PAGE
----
The direct object may have a locative semantic role with such verbs as 去‘qù’ (go), 过‘guò’ (cross), 经过‘jīngguò’ (pass), 占领‘zhànlǐng’ (occupy), etc.:
Tāmen qù diànyǐngyuàn.
(They went to the cinema.)
Háizimen tuōdiào xié wàshèshuǐ guò hé.
(The children took off their shoes and socks, and waded across the river.)
Zài lùshang, tā jīngguò le yījiā zhōngbiǎodiàn.
(On the way, he passed a clock store.)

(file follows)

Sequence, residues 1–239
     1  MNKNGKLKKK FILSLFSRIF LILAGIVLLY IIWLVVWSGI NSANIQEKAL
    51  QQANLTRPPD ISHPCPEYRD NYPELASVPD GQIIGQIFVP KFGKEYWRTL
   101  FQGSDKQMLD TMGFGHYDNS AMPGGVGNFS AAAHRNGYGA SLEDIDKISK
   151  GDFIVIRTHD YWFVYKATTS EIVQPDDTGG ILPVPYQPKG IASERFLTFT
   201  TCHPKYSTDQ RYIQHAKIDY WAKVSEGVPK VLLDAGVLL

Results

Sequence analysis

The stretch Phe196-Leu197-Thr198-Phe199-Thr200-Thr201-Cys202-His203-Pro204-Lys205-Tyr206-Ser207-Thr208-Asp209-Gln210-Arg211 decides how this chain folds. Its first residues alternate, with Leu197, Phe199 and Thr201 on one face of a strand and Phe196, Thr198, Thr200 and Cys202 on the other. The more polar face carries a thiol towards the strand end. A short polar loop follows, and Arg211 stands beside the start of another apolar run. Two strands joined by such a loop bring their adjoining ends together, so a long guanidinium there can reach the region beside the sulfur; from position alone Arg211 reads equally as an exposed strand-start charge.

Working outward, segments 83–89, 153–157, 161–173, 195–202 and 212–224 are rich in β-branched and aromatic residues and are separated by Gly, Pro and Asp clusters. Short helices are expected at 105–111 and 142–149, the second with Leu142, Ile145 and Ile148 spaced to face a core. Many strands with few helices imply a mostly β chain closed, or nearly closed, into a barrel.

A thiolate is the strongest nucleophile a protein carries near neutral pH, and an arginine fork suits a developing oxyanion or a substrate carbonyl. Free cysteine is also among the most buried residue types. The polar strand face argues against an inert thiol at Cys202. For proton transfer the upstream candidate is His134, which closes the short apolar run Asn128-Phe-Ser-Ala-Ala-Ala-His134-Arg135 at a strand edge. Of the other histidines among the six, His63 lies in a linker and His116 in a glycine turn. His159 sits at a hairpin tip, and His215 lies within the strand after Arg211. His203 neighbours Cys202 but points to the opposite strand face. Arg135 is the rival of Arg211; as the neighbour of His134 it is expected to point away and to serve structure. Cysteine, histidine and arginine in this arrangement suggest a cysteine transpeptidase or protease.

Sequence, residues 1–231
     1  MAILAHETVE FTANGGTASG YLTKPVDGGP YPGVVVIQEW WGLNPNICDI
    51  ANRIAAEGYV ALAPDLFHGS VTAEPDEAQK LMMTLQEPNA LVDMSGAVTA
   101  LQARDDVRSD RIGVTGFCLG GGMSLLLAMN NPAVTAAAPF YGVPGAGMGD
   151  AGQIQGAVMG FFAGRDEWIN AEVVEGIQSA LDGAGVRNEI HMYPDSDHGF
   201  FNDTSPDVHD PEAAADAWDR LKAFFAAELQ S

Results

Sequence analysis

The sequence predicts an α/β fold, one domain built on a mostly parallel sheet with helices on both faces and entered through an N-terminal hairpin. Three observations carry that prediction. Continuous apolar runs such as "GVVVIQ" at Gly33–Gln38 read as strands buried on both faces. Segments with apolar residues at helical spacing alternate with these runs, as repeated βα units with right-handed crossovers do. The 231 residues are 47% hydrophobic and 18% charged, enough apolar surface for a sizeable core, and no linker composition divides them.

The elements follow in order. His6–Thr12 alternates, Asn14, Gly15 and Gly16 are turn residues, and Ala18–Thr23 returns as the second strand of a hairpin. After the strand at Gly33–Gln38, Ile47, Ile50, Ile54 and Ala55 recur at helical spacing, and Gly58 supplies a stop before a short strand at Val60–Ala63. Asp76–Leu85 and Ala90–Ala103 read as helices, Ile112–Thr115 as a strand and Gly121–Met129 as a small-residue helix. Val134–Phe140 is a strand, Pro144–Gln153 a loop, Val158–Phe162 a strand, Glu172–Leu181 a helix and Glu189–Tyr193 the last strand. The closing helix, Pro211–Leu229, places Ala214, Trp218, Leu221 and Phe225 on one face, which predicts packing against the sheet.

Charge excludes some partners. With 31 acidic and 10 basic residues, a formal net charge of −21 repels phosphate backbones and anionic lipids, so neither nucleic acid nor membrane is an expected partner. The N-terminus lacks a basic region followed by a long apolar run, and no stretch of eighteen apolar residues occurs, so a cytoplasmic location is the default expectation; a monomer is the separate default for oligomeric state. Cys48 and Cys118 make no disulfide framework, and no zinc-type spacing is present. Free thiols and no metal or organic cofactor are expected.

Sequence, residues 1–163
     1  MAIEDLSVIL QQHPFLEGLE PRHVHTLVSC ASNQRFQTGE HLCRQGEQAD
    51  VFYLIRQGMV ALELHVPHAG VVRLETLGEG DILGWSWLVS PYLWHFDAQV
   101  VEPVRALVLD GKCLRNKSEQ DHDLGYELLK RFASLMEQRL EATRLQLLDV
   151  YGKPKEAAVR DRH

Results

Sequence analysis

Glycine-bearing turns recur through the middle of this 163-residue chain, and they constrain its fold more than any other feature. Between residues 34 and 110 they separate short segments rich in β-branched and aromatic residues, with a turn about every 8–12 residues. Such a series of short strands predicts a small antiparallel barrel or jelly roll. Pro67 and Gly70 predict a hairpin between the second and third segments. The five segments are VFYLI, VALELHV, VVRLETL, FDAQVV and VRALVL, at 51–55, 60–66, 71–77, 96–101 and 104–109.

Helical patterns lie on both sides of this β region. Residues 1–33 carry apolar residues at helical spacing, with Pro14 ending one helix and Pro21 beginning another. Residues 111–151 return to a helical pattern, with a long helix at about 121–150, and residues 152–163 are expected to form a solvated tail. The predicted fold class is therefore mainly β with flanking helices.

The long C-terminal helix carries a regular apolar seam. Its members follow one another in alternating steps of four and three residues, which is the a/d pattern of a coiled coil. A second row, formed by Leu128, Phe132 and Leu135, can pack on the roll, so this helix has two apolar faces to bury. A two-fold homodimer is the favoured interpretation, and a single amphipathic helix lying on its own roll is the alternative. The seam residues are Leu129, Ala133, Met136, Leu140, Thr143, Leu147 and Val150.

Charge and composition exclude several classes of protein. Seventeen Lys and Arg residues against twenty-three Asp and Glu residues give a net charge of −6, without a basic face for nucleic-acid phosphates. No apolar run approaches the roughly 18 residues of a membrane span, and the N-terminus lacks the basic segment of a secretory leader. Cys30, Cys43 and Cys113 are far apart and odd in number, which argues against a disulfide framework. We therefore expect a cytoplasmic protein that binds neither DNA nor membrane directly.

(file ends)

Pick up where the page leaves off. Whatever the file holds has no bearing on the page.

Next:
Rìkòu zhànlǐng le Nánjīng.
(The Japanese invaders occupied Nanjing.)
All the direct objects in the above sentences 电影院‘diànyǐngyuàn’ (the cinema), 河‘hé’ (river), 钟表店‘zhōngbiǎodiàn’ (clock and watch store), ‘Nánjīng’ (Nanking) have the semantic role of locality.
 Loar, J. K. (2011). Chinese syntactic grammar: functional and conceptual principles. New York: Peter Lang.